Pioneers of Ellis County
Raleigh G. Sims
[Source: Memorial and Biographical History of Ellis County, Texas. Lewis Pub. Co. Chicago. 1892]
Raleigh G. Sims, prosperous farmer of Ellis County, was born November 6, 1836, son of Sterling Sims, and grandson of John Sims, a native of Virginia.
The youngest of ten children, Raleigh came to Texas in 1856, locating in Ellis County. He worked as a farm hand until 1860, when he was elected Assessor and Tax Collector and moved to Waxahachie.
In February, 1862, he enlisted in Company C, Nineteenth Texas Cavalry, and served in Louisiana, Arkansas and Missouri. He was in many battles, and at one time had his horse shot from under him, but was never wounded or captured. He remained in service until the close of the War, and at the time of the surrender , the command, then in Polk County, Texas, disbanded in May, 1865.
Sims then worked as a farm hand until elected Assessor and Tax Collector, and held that office until the reconstruction period when he resigned - not being able to take the oath required - and returned to farming.
A few of recollections of his early days in Texas: The winter of 1856 was unusually warm; vegetation started up early, but on the 5th of April a heavy frost came. The wheat at that time was headed out, and corn had been worked over, and the former fell and the latter was cut to the ground. Again on the 11th of the same month, a heavy snow fell, which smashed the wheat into the ground, and there was no rain fell until July 23, but by some means the wheat sprouted up and an average crop was harvested. Another instance was an encounter with a bear. while working at his brother's farm. While looking after his brother's hogs, he discovered a large bear making his way toward the hogs.. He at once began calling the dogs, four large mastiffs, and the bear went up a tree twelve or fifteen feet, and after apparently viewing the situation, came down and began the fight. For a time it was hard to determine which would be victorious, but at one time when the bear was on his back, Sims hit him on the head with a pole, which renewed the courage of the dogs, and they soon killed the bear.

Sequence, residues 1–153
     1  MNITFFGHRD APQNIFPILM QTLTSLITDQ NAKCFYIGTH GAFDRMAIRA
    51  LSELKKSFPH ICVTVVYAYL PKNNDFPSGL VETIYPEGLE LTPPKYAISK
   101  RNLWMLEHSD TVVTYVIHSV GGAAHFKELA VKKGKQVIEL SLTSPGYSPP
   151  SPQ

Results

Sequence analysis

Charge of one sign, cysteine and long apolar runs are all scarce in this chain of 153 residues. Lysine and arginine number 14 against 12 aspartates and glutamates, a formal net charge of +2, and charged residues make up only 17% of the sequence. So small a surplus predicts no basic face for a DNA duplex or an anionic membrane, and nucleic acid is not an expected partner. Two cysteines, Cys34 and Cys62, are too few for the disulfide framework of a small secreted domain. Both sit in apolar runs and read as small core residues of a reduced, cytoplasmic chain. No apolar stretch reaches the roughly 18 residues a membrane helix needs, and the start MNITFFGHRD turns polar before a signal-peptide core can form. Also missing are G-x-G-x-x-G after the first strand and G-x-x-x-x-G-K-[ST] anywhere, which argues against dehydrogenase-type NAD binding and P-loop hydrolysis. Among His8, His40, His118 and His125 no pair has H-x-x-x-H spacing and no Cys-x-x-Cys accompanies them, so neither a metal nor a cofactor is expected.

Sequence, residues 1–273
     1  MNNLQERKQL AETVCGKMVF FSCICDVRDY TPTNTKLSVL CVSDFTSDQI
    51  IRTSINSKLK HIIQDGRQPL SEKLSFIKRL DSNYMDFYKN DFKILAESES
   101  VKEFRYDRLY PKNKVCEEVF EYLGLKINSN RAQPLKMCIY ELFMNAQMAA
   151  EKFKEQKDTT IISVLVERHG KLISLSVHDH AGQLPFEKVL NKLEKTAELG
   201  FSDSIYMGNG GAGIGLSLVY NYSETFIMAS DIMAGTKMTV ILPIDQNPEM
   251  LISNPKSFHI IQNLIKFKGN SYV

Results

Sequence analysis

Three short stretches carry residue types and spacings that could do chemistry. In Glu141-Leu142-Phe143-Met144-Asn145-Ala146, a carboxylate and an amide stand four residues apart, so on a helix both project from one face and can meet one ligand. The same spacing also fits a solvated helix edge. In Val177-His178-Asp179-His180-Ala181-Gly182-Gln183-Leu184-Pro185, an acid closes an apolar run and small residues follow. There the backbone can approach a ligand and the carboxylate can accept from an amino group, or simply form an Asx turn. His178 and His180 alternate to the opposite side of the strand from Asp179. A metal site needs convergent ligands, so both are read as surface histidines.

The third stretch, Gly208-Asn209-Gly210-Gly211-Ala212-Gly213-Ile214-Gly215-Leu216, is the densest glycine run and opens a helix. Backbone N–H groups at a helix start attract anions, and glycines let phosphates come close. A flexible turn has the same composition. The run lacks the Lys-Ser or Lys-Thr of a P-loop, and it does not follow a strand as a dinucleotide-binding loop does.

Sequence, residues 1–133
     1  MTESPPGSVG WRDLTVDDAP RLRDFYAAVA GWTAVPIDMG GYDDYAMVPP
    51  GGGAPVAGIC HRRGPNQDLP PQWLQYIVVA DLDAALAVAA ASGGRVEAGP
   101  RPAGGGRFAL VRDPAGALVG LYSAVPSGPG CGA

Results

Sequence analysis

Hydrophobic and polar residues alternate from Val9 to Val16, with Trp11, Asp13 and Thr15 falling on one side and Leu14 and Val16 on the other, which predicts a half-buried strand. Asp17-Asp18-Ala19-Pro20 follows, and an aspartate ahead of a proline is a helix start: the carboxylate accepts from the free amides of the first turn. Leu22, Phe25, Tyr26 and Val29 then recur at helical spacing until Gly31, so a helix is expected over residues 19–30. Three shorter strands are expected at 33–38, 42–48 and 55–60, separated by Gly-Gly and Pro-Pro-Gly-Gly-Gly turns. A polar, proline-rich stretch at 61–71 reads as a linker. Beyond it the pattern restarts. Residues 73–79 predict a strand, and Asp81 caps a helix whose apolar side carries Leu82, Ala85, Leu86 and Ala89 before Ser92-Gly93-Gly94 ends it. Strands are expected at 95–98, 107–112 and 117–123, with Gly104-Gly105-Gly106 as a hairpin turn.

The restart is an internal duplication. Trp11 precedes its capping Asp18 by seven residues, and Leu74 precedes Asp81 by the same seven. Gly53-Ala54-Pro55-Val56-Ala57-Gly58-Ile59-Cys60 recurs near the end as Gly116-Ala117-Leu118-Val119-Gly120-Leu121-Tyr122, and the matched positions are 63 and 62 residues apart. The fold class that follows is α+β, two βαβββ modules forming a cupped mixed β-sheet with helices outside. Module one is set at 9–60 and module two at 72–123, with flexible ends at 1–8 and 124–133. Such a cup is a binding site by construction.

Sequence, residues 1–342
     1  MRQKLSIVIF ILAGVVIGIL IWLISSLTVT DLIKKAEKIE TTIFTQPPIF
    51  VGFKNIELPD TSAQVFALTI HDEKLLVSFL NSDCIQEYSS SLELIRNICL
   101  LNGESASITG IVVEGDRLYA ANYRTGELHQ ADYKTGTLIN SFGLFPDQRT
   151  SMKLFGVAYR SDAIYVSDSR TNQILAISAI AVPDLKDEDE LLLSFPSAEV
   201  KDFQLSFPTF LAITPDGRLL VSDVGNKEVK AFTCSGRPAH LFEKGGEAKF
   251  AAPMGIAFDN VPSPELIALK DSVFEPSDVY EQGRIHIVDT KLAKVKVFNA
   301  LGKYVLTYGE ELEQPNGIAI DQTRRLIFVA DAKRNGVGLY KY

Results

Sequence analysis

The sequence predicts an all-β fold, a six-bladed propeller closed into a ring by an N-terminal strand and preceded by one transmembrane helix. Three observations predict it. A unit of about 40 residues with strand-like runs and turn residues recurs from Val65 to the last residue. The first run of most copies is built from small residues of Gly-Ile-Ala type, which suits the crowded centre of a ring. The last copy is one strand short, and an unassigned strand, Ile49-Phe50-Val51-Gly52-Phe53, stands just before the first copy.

In February 1867, Raleigh Sims married to Miss Mary Parks, a daughter of Thomas Parks, native of Tennessee. She died June 28, 1876, and his second marriage (Jan. 1, 1878) was to Miss Laura Wilson, a daughter of Daniel Wilson, a native of North Carolina. The latter had moved to Mississippi and in 1869 to Texas where he died March 1877.
Mr. and Mrs. Sims had no children of their own, but helped educate two young ladies and one young man, as well as an orphan, Juanita Sims, and have now taken an orphan girl,
Mr. Sims was a Mason and a Democrat and he and his wife are members of the Baptist Church.
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